March 10, 2009
Cranberry chemicals prevent infections
Chemicals present in cranberries prevent infection-causing bacteria from attaching to the cells that line the urinary tract, U.S. researchers said.
Paola Pinzon-Arango, Yatao Liu and Terri Camesano of Worcester Polytechnic Institute in Massachusetts, exposed E. coli grown in culture to either light cranberry juice cocktail or cranberry proanthocyanidins -- chemicals found in cranberry products -- and measured the adhesion forces between the bacteria and a silicon surface using atomic force microscopy.
The study demonstrated that the longer the bacteria were exposed to either the cranberry juice or the proanthocyanidins the greater the decrease in bacterial attachment.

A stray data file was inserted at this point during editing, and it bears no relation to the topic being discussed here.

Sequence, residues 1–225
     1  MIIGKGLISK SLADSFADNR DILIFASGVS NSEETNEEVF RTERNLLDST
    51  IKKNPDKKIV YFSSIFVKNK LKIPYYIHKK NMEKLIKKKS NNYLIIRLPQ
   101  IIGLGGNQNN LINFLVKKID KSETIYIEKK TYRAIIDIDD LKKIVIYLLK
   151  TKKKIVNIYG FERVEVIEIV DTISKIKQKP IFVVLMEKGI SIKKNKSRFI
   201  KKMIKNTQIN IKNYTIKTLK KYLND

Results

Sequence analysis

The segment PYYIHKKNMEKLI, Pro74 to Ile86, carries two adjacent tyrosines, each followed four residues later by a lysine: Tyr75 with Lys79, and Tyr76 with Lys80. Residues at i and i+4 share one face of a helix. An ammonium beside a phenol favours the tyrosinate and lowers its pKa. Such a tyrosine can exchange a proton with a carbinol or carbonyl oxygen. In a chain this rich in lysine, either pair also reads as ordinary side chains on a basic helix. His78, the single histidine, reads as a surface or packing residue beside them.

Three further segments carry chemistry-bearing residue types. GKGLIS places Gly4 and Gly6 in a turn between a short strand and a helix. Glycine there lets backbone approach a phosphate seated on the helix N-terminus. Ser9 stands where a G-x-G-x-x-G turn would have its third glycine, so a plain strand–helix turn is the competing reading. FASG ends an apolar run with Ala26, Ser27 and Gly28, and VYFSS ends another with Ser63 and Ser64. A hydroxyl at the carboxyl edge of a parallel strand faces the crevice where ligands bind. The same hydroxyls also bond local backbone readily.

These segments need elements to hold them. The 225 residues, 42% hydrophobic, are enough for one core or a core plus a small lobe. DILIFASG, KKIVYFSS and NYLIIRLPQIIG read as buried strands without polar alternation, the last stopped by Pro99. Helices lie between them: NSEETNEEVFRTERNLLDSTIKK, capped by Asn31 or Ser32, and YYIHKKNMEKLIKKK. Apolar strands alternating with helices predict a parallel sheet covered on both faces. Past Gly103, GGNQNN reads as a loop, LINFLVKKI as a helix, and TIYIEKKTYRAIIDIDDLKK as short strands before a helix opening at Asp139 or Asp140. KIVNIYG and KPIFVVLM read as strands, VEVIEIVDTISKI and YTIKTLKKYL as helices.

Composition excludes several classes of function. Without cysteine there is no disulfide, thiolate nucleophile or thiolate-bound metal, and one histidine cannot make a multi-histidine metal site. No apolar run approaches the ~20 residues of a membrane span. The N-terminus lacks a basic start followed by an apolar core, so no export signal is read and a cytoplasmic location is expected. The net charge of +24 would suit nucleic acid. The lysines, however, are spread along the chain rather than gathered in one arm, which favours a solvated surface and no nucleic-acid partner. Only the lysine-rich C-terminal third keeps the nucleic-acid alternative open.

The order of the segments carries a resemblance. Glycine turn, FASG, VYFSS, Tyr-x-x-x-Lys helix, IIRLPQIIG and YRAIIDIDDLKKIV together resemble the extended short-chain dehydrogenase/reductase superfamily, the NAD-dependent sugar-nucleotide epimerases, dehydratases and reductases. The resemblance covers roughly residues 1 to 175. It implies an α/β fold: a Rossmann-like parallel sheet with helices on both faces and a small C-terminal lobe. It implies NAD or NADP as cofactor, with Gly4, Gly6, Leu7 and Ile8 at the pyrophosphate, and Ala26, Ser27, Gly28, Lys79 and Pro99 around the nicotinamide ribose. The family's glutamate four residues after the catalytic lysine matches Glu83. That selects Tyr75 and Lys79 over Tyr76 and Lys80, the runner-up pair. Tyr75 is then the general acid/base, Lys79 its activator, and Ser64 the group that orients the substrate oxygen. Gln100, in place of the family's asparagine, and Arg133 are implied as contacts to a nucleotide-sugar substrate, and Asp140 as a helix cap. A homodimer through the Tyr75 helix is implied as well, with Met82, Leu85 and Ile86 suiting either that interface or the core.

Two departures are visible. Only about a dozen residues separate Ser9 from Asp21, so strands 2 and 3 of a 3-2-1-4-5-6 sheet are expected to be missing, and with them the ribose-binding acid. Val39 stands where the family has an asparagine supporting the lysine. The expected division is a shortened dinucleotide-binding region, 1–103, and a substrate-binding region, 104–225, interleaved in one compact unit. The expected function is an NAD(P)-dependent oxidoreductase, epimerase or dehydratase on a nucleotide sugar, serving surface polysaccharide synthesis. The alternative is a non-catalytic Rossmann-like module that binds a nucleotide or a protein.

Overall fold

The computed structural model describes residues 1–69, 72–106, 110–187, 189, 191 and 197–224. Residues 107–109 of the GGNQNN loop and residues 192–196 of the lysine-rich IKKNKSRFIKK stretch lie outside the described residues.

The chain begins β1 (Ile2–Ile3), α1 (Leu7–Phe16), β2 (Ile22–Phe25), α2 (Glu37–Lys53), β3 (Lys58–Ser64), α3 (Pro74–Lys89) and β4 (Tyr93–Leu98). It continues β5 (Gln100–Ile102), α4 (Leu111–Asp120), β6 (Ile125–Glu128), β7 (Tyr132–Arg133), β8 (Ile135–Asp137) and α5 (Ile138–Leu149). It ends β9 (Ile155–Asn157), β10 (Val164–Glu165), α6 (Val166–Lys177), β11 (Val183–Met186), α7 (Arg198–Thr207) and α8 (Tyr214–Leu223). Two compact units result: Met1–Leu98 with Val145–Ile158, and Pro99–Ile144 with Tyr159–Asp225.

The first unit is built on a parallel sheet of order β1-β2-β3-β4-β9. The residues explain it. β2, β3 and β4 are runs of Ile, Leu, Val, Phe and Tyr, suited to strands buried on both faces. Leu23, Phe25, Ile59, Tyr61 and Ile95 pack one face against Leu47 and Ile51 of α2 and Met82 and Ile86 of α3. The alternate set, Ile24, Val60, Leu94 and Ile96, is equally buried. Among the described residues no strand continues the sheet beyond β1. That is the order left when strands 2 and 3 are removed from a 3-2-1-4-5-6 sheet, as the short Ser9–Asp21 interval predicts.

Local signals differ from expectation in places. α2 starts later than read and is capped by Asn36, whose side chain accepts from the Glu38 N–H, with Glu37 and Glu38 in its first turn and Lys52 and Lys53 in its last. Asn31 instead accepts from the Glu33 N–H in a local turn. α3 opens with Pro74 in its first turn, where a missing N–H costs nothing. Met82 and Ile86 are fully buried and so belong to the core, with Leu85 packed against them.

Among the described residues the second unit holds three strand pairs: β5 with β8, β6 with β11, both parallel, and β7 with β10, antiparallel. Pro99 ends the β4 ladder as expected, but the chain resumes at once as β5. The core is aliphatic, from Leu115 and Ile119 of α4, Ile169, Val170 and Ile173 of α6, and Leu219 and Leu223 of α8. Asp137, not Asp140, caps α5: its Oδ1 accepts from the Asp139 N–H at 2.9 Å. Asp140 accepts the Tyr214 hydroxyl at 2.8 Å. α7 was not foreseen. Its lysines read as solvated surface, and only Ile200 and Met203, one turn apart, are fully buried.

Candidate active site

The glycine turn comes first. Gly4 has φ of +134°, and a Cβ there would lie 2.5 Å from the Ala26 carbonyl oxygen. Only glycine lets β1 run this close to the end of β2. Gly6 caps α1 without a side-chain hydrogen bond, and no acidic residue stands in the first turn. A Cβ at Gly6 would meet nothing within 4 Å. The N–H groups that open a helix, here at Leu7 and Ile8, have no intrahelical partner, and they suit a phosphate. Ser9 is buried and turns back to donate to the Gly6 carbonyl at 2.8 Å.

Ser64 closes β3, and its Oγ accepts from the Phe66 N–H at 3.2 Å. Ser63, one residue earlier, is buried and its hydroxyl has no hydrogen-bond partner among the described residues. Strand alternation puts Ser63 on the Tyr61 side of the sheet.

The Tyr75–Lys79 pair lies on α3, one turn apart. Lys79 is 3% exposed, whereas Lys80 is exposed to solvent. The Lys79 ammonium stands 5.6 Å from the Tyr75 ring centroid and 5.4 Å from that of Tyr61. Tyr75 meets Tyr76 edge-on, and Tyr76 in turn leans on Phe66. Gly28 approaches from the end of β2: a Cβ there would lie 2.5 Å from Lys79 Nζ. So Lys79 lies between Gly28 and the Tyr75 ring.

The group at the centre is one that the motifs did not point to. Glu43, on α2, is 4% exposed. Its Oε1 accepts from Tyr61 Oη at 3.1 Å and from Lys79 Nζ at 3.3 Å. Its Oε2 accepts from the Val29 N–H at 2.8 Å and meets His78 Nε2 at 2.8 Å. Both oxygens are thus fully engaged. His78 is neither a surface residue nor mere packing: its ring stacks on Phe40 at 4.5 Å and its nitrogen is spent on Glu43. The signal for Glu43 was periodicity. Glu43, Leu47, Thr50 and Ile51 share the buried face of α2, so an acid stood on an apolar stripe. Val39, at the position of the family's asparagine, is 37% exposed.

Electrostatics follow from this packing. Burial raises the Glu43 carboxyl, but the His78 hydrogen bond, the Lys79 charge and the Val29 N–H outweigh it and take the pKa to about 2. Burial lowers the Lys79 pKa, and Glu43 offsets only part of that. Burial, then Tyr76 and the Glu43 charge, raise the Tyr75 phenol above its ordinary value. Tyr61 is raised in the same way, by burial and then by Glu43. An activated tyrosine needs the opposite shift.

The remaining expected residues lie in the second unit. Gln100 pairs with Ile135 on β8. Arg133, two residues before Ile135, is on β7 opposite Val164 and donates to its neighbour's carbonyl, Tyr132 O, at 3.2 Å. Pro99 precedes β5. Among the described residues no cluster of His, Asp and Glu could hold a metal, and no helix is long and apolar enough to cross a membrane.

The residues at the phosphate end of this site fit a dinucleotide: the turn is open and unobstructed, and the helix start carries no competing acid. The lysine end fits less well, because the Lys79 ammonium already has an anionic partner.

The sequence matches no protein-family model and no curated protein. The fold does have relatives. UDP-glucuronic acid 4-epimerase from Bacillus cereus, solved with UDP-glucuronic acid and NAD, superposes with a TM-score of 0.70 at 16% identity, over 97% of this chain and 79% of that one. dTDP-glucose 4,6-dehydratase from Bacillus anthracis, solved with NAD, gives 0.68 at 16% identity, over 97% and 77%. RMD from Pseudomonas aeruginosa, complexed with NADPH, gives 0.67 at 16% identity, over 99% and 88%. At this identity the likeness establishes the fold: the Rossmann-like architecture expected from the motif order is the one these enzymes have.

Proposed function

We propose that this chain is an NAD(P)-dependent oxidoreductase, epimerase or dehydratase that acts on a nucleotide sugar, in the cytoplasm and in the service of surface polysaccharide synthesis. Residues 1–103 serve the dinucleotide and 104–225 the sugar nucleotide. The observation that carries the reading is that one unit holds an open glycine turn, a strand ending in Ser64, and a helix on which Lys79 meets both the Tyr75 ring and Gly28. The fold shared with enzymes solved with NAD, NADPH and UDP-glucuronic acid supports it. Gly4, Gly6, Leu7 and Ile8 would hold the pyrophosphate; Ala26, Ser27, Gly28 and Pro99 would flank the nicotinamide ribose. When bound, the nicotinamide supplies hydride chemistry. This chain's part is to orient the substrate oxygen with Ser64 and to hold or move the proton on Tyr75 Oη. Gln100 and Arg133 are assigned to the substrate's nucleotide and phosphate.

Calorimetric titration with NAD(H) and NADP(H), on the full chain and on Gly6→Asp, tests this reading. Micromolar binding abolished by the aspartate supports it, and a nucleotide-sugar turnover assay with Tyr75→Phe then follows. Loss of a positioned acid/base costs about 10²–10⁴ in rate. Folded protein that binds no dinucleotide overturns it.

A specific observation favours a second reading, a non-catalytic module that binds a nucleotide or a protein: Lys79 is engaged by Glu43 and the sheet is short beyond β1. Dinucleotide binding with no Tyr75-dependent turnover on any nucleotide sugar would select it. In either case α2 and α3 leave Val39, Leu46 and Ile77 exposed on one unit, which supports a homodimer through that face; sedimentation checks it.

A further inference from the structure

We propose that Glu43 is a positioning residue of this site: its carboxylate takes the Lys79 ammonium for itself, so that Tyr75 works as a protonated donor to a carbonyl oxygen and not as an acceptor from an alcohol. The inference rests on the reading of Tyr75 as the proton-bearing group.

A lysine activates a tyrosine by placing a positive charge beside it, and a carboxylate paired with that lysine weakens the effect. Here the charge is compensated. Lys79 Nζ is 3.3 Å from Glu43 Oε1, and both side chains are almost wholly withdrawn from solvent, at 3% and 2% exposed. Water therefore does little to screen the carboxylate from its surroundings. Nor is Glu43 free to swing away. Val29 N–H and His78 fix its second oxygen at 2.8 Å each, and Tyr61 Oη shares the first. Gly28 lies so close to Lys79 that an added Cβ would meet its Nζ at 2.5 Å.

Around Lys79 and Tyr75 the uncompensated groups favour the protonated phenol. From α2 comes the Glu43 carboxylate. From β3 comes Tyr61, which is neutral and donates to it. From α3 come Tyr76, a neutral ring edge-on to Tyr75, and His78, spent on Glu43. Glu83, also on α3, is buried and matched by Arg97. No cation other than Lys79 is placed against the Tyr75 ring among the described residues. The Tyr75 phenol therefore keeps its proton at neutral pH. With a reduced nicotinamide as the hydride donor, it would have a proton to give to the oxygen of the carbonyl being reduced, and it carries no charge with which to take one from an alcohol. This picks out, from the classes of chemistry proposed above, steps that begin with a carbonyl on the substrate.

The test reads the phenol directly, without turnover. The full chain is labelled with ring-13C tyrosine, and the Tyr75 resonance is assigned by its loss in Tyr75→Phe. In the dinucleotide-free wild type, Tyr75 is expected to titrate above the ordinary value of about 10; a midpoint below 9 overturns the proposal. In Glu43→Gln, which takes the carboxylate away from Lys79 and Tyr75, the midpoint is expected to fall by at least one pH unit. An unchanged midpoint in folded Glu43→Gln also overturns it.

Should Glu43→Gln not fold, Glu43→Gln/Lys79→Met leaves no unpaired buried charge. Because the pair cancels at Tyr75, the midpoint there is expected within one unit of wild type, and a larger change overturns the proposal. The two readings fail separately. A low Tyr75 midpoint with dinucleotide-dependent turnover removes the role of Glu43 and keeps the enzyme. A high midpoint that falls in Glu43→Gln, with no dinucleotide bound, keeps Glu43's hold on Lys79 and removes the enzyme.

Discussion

The study authors noted the effect was reversible -- bacteria grew again in an environment without cranberry juice or proanthocyanidins regaining the ability to attach to the model surface.
Cranberries, one of only three species of fruits native to North America, has a long history of medicinal food use. Native Americans used the fruit for the treatment of bladder and kidney ailments hundreds of years ago, said Dr. Sheldon S. Hendler, co-editor in chief of the Journal of Medicinal Food, and of the University of California, San Diego, said in a statement.